This is an open label, non-randomized study to determine the value of the 13C-Methacetin Breath Test System in predicting the 21-day outcome of patients diagnosed with acute liver failure.
Inclusion Criteria (Abbreviated)
- Men & women, ages 18-70 (have not reached their 71st birthday).
- Severe Acute Liver Injury with INR ≥ 1.5
- Presence of any degree of hepatic encephalopathy
- Duration of illness < 26 weeks
- Enrolled in the ALFSG Registry
- Written informed consent from the patient or patient’s legally authorized representative or family member
Exclusion Criteria (Abbreviated)
- History of chronic liver disease or evidence of cirrhosis (unless clinically acute Wilson disease or autoimmune ALF)
- ALF due to Budd-Chiari Syndrome, caused by malignancy or by known or suspected herpes simplex virus requiring acyclovir therapy
- Liver transplantation prior to enrollment (Note: Listing for LT does not preclude participation in the trial.)
- Pre-existing New York Heart Association stage III/IV heart failure
- Severe obstructive lung disease or shock or severe ARDS
- History of chronic renal failure requiring hemodialysis or chronic hemodialysis prior to hospital admission for ALF
- Previous extensive bowel resection or upper GI bleeding at enrollment
- Allergic to acetaminophen
- Contra-indicated enteral drugs or fluids, no appropriately placed naso/orogastric tube in situ, or cannot tolerate taking substrate orally
- Received amiodarone or an HMG-CoA reductase inhibitors (Statins) 30 days prior to enrollment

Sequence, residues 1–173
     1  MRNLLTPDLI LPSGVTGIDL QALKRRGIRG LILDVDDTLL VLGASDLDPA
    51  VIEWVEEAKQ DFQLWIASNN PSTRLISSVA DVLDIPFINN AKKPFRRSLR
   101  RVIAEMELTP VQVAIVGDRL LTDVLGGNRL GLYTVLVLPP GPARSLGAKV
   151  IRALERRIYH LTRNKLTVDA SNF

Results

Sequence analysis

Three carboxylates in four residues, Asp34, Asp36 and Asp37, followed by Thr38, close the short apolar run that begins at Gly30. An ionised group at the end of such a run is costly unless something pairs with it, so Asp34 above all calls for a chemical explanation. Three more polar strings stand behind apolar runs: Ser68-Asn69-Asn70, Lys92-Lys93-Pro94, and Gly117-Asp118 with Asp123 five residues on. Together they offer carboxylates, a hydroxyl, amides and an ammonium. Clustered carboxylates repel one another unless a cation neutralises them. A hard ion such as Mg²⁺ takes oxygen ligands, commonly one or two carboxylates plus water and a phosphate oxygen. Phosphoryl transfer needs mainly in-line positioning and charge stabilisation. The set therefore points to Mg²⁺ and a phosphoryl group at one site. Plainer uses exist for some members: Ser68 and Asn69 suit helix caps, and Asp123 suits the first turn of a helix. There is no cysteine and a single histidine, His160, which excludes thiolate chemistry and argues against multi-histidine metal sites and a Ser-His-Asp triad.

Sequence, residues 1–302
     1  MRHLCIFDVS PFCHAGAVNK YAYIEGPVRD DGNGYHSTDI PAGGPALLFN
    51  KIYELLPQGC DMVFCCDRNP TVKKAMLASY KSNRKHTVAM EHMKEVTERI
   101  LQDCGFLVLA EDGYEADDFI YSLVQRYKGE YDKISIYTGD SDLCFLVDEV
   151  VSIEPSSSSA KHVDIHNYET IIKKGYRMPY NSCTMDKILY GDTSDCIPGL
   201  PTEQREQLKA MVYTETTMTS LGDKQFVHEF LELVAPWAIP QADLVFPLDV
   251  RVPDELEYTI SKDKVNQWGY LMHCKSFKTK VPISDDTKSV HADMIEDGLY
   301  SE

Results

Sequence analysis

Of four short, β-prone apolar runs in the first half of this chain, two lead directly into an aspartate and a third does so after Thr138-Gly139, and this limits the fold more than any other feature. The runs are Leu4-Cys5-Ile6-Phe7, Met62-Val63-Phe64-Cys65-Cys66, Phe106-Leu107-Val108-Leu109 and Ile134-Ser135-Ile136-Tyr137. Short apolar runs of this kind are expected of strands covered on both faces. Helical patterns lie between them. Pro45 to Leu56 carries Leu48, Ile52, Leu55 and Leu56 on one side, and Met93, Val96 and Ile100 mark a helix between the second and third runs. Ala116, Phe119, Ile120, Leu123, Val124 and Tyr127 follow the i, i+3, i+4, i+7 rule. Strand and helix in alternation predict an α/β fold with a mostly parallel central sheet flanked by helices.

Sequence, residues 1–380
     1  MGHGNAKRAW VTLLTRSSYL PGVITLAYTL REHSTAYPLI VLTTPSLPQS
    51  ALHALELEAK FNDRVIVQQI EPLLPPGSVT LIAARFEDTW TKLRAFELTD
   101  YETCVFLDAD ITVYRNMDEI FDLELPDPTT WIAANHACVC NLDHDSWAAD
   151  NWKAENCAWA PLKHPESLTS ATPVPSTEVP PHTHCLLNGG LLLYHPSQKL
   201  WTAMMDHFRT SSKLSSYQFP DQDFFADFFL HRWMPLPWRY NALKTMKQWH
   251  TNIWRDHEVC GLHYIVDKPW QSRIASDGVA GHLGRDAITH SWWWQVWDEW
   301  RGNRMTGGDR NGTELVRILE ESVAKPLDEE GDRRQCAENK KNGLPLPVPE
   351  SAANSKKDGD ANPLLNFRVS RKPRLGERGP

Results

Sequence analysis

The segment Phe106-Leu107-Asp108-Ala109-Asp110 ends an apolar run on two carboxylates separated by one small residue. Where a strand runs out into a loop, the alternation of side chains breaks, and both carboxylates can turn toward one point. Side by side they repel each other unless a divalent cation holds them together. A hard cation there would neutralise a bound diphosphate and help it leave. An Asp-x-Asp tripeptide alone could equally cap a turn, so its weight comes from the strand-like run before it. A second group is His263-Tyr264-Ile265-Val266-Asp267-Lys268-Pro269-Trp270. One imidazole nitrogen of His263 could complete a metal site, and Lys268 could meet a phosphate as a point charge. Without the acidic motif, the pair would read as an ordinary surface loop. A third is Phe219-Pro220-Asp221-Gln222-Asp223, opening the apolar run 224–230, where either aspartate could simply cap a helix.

- Consumption of: any of the drugs that may interfere with the metabolism of 13C-Methacetin in the 48 hours; alcohol in the last 24 hours; and smoking cigarettes in the 8 hours prior to study enrollment
- Pregnant or breastfeeding women
ALFSG is performing a separate study simultaneously that again is not a therapeutic intervention trial, but is to determine the nature of clotting in the setting of acute liver failure. Classically, it has been thought that patients with ALF were at great risk of bleeding because of markedly altered coagulation parameters such as the prothrombin time/INR test. Although PT/INR is abnormal there are other compensatory changes in clotting in the ALF setting that likely counteract the loss of clotting factors due to the damaged liver, setting up a re-balanced coagulation system that may not be all that abnormal overall. Thromboelastography is a dynamic method for testing the adequacy of an individual’s clotting mechanism, that requires only a small blood sample to perform. There is little data to date in the setting of ALF and the present study should help answer whether coagulation is abnormal in ALF and, if so, in what settings and how much.
Each ALFSG patient enrolled into the registry will be eligible for the ROTEM test that will be performed daily on days 1,2,3 5 and 7 of the study period.
No additional therapy trials are contemplated at present. Future possibilities include the use of liver assist devices or transplantation of hepatocytes. Stay tuned.